Pheochromocytoma: an update on genetics and management
ABSTRACT Pheochromocytomas (PHEOs) are rare neoplasms that produce catecholamines and usually arise from the adrenal medulla and are considered to be an adrenal paraganglioma (PGL). Closely related tumors of extraadrenal sympathetic and parasympathetic paraganglia are classified as extraadrenal PGLs. Most PHEOs are sporadic, but a significant percentage (approximately 25%) may be found in patients with germline mutations of genes predisposing to the development of von Hippel-Lindau disease, neurofibromatosis 1, multiple endocrine neoplasia type 1 (MEN1) and 2 (MEN2), and the PGL/PHEOs syndrome, based on the described mutations of the genes for succinate dehydrogenase subunit D (SDHD), B (SDHB), and C (SDHC). As one out of four PHEOs turns out to be a hereditary clinical entity, screening for genetic alterations is important, as it provides useful information for a rational diagnostic approach and management. This review discusses the genetics, the pathophysiology of hypertension, the clinical picture, the biochemical and imaging diagnosis, and the preferred therapeutic approach for PGLs/PHEOs. Furthermore, it emphasizes the need for genetic testing in cases with apparently sporadic PHEOs.
- SourceAvailable from: Abdolreza Babamahmoodi[Show abstract] [Hide abstract]
ABSTRACT: Multiple endocrine neoplasia type 2 (MEN2) is a rare familial syndrome caused by mutations in the RET protooncogene and it is transmitted as an autosomal dominant trait. The underlying problem for all the MEN syndromes is failure of a tumour suppressor gene. The genetic defect in MEN2 is on chromosome 10 (10q11.2) and has also been identified both for MEN2A and MEN2B. The reported patient is an 18-year-old girl presented with long-term diarrhea and enterocutaneous fistula. Her thyroid nodules, marfanoid habitus and bumpy lips, were also highly suggestive for MEN2B.Case Reports in Medicine 10/2012; 2012:491054. DOI:10.1155/2012/491054
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ABSTRACT: Pheochromocytomas and abdominal paragangliomas are adrenal and extra-adrenal catecholamine-producing tumours. They arise due to heritable cancer syndromes, or more frequently occur sporadically due to an unknown genetic cause. The majority of cases are benign, but malignant tumours are observed. Previous comparative genomic hybridization (CGH) and loss of heterozygosity studies have shown frequent deletions of chromosome arms 1p, 3q and 22q in pheochromocytomas. We applied high-resolution whole-genome array CGH on 53 benign and malignant pheochromocytomas and paragangliomas to narrow down candidate regions as well as to identify chromosomal alterations more specific to malignant tumours. Minimal overlapping regions (MORs) were identified on 16 chromosomes, with the most frequent MORs of deletion (> or = 32%) occurring on chromosome arms 1p, 3q, 11p/q, 17p and 22q, while the chromosome arms 1q, 7p, 12q and 19p harboured the most common MORs of gain (> or = 14%). The most frequent MORs (61-75%) in the pheochromocytomas were identified at 1p, and the four regions of common losses encompassed 1p36, 1p32-31, 1p22-21 and 1p13. Tumours that did not show 1p loss generally demonstrated aberrations on chromosome 11. Gain of chromosomal material was significantly more frequent among the malignant cases. Moreover, gain at 19q, trisomy 12 and loss at 11q were positively associated with malignant pheochromocytomas, while 1q gain was commonly observed in the malignant paragangliomas. Our study revealed novel and narrow recurrent chromosomal regions of loss and gain at several autosomes, a prerequisite for identifying candidate tumour suppressor genes and oncogenes involved in the development of adrenal and extra-adrenal catecholamine-producing tumours.Endocrine Related Cancer 09/2010; 17(3):561-79. DOI:10.1677/ERC-09-0310 · 4.91 Impact Factor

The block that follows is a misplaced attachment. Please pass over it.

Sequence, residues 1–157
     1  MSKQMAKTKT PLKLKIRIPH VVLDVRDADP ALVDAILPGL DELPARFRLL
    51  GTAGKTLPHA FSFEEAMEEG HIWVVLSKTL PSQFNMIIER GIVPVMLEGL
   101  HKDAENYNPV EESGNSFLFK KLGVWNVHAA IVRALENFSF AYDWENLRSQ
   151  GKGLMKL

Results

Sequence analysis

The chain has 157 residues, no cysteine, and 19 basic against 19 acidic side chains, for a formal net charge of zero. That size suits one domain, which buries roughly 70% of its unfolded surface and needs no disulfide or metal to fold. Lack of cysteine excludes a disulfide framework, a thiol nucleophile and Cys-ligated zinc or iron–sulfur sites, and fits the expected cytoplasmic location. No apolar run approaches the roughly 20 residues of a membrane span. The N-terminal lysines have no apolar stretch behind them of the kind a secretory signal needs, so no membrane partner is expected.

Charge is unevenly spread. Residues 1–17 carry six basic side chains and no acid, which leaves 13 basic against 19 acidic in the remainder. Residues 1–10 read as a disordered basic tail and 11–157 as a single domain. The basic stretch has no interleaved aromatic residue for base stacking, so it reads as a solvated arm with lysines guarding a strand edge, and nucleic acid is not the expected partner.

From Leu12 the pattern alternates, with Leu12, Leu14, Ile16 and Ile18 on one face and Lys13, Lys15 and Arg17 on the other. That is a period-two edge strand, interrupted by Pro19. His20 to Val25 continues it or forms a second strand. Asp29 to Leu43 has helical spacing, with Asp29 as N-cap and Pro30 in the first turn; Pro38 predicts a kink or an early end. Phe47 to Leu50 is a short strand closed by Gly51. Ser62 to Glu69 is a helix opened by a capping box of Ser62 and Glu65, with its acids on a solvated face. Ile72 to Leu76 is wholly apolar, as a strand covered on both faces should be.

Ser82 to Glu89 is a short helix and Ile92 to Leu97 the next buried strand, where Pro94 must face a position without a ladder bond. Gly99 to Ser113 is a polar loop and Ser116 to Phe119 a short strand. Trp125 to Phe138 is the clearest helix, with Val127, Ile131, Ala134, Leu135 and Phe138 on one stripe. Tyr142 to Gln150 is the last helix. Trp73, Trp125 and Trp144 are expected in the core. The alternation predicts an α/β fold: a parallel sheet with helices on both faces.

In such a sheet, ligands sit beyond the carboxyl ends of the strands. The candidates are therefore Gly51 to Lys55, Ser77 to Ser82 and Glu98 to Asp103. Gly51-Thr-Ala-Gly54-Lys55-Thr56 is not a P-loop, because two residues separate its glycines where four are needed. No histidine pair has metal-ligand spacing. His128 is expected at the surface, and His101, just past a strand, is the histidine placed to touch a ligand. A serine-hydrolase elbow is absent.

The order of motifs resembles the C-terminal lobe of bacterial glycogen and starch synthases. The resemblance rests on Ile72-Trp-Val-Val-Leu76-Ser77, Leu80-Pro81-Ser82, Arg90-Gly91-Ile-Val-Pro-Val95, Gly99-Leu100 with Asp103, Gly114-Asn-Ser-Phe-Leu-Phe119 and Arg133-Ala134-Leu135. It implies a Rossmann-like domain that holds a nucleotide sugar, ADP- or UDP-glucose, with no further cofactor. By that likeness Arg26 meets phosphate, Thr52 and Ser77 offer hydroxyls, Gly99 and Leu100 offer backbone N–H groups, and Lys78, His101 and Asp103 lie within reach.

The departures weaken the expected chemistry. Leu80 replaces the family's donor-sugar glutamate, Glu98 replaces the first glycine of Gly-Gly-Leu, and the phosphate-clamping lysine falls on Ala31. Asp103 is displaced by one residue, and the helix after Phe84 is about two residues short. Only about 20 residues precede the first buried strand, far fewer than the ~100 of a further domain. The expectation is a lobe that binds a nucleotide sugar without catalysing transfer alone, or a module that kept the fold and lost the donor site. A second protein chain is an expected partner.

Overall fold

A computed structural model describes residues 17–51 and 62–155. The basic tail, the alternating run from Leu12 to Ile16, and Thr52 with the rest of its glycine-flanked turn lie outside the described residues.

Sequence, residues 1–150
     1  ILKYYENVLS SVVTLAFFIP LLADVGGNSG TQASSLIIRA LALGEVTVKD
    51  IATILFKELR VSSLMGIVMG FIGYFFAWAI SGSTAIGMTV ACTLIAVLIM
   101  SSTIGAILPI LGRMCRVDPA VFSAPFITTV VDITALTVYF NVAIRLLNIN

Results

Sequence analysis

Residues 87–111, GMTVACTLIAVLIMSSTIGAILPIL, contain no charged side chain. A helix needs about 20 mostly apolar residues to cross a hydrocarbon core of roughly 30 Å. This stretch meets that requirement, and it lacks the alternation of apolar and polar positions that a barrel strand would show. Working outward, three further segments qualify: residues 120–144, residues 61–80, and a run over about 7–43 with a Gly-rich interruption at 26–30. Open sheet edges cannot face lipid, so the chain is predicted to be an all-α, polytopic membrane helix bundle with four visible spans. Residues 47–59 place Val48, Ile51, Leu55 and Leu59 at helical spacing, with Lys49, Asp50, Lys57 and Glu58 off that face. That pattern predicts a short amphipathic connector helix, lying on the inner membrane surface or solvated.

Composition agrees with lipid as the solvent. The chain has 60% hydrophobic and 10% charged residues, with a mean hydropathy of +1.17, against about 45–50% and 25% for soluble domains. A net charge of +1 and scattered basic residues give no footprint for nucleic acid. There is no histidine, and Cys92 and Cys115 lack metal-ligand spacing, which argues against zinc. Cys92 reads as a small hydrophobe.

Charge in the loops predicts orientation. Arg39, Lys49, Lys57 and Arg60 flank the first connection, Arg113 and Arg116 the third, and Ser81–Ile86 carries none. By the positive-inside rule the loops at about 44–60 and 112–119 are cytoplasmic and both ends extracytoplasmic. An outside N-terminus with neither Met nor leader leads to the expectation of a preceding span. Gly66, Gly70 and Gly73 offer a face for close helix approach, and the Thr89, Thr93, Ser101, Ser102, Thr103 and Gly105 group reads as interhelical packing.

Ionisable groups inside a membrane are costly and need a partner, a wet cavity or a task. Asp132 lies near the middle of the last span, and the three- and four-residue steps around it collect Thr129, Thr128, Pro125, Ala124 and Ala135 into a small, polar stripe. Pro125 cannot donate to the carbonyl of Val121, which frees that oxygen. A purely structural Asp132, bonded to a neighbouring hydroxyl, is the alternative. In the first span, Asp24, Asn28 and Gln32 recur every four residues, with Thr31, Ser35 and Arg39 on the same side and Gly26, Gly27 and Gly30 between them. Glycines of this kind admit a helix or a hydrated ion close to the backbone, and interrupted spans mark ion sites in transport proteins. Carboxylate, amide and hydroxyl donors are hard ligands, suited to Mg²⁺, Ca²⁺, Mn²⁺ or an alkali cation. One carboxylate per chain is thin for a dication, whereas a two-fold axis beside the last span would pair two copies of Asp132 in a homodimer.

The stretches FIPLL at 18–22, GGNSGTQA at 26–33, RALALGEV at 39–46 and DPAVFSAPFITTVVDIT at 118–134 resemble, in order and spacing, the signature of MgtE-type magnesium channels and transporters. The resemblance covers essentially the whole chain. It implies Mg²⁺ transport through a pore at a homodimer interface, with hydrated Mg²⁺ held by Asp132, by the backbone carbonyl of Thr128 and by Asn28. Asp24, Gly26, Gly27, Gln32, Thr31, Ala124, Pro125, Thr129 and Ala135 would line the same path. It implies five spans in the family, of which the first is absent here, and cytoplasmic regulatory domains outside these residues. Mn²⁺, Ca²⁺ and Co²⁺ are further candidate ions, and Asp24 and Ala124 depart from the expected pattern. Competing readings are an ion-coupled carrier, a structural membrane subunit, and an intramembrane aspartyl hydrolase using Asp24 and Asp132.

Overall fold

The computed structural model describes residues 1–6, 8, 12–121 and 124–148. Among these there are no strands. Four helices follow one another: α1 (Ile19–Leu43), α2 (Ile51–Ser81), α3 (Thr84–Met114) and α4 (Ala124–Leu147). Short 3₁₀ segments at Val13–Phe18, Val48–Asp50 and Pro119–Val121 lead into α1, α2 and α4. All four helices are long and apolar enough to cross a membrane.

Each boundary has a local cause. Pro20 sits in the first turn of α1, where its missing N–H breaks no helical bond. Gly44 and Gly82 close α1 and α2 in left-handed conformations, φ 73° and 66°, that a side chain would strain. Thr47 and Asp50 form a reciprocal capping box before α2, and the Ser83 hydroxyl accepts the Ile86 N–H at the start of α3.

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ABSTRACT: Pheochromocytoma is a catecholamine-secreting tumor of the adrenal glands, usually with benign manifestations, whose typical clinical presentation includes the triad of headache, palpitations and diaphoresis. However, a wide range of signs and symptoms may be present. In the cardiovascular system, the most common signs are labile hypertension and sinus tachycardia. Systolic heart failure and ST-segment deviations mimicking myocardial infarction have also been reported, as well as QT interval prolongation and, rarely, ventricular tachycardia. We describe a challenging diagnosis of pheochromocytoma with many cardiovascular manifestations, which could have been missed due to the absence of typical symptoms.Case Reports in Medicine 02/2010; 2010:976120. DOI:10.1155/2010/976120